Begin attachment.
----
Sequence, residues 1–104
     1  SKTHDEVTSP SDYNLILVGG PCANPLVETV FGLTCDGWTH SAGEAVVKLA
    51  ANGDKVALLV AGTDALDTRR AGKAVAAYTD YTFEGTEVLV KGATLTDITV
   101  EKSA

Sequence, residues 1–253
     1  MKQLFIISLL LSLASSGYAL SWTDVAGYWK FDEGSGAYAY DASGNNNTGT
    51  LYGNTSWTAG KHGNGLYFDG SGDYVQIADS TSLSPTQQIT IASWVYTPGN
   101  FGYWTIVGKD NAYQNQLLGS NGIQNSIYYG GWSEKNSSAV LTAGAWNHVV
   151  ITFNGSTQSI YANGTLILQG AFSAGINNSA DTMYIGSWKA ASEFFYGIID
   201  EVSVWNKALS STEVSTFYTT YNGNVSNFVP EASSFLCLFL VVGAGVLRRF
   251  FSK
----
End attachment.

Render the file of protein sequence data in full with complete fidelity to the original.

Sequence, residues 1–104
     1  SKTHDEVTSP SDYNLILVGG PCANPLVETV FGLTCDGWTH SAGEAVVKLA
    51  ANGDKVALLV AGTDALDTRR AGKAVAAYTD YTFEGTEVLV KGATLTDITV
   101  EKSA

Sequence, residues 1–253
     1  MKQLFIISLL LSLASSGYAL SWTDVAGYWK FDEGSGAYAY DASGNNNTGT
    51  LYGNTSWTAG KHGNGLYFDG SGDYVQIADS TSLSPTQQIT IASWVYTPGN
   101  FGYWTIVGKD NAYQNQLLGS NGIQNSIYYG GWSEKNSSAV LTAGAWNHVV
   151  ITFNGSTQSI YANGTLILQG AFSAGINNSA DTMYIGSWKA ASEFFYGIID
   201  EVSVWNKALS STEVSTFYTT YNGNVSNFVP EASSFLCLFL VVGAGVLRRF
   251  FSK